The Washington Post is now worried about Democratic tax plans.

The Washington Post has come out against the progressive tax raises proposed by Congress to pay for health care. It does so reluctantly – it’s not against the principle of progressive taxes generally – but apparently they feel that the combination of Medicare cuts and wider-than-expected targets for the surcharge are just unacceptable.

…in principle, higher taxes for the well-heeled could make sense — as part of a broader rationalization of the unduly complex tax code.

But there is no case to be made for the House Democratic majority’s proposal to fund health-care legislation through an ad hoc income tax surcharge for top-earning households. The new surtax would hit individual households earning $350,000 and above. It would start at 1 percent, bumping up to 1.5 percent at $500,000 in income and to 5.4 percent at $1 million. The new levy would begin in 2011 and is supposed to raise $540 billion over 10 years, about half the projected cost of health-care reform. The rest of the money would come from reduced spending on Medicare and Medicaid — though the surtax for the lower two categories would jump by a percentage point each in 2013 unless the Office of Management and Budget determines that the rest of the bill has saved more than $150 billion.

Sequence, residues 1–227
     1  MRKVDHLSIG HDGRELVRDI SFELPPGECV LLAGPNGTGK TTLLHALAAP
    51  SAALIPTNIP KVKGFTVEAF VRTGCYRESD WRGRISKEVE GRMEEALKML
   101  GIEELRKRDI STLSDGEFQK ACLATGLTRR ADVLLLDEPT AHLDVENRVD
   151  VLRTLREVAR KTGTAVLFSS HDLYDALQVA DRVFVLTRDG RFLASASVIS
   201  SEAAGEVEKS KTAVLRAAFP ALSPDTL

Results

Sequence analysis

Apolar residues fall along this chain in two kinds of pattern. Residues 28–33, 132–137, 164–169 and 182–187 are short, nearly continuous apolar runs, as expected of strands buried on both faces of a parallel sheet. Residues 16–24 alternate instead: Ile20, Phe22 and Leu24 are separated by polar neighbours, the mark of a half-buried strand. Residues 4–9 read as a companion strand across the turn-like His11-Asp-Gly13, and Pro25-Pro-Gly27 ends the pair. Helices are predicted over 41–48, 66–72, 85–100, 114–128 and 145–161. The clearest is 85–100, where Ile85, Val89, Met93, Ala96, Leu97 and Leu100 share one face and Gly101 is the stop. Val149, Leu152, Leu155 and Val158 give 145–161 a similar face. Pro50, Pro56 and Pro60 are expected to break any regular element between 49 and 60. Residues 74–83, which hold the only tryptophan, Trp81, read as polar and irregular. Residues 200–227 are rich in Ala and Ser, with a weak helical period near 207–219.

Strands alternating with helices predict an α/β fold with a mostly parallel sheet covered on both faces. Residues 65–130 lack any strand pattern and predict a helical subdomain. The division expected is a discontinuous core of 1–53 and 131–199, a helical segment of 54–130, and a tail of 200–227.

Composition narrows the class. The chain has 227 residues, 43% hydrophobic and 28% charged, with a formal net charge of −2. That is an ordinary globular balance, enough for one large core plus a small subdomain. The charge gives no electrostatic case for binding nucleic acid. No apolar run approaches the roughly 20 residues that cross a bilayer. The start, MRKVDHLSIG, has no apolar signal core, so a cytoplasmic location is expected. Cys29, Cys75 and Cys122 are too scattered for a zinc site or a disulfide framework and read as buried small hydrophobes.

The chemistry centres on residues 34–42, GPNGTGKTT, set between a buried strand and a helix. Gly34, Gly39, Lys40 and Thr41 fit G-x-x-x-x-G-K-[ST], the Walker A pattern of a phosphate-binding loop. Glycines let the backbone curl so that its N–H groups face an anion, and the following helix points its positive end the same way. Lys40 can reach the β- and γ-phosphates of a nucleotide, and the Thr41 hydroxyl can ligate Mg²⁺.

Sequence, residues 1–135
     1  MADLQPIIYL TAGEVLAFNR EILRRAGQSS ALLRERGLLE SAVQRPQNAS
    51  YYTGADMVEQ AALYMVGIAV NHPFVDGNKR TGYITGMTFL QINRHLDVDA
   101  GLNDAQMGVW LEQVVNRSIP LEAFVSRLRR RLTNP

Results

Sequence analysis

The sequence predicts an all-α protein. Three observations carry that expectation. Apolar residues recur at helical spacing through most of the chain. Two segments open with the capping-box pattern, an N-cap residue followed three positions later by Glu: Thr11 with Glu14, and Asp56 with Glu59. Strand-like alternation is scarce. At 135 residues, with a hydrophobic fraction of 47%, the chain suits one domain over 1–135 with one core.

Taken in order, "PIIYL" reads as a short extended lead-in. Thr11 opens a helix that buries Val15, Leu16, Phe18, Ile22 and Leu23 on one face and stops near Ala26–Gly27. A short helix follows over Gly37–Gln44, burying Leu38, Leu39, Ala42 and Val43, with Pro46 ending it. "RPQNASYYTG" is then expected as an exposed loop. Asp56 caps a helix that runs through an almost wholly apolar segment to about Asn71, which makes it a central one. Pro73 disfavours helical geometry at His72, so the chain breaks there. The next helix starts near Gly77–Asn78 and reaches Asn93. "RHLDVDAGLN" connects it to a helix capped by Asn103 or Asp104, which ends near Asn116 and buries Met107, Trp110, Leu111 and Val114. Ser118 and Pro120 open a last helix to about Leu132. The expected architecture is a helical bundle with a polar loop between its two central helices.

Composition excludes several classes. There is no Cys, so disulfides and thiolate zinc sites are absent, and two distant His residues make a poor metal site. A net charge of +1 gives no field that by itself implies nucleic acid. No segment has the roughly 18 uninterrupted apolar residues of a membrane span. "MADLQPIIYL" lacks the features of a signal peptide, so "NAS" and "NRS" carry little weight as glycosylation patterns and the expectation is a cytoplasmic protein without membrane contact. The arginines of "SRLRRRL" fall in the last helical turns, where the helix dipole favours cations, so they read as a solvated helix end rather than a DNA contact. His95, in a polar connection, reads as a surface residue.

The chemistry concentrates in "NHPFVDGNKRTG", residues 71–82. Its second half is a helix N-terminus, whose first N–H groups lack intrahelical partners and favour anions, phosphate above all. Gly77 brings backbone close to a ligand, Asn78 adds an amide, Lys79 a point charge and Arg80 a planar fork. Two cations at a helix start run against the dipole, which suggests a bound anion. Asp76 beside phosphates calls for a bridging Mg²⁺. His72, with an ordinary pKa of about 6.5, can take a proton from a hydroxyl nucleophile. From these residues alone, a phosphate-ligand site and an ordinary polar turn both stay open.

The long-term deficit is driven by the aging of the population as well as by growing health-care costs, both contributing to Social Security and Medicare expenses. There is simply no way to close the gap by taxing a handful of high earners. The House actions echo President Obama’s unrealistic campaign promise that he can build a larger, more progressive government while raising taxes on only the wealthiest.

To evoke one of my favorite authors, it would be unseemly for me to ask:

  • Does the surcharge of 350K households (not individuals) and above perhaps hit too many senior staff at the Washington Post for comfort?
  • Does the projected Medicare/Medicaid cuts perhaps also hit too many senior staff at the Washington Post for comfort?
  • Does this mean that the Washington Post now regrets its frankly laughable endorsement of the current President, back in October? Particularly since McCain’s – how did they put it? Ah, yes: “irresponsible selection of a running mate” – had a better grasp on what was coming than the Washington Post’s editorial board?

You know what? I feel like being unseemly.

Moe Lane

Crossposted to Moe Lane.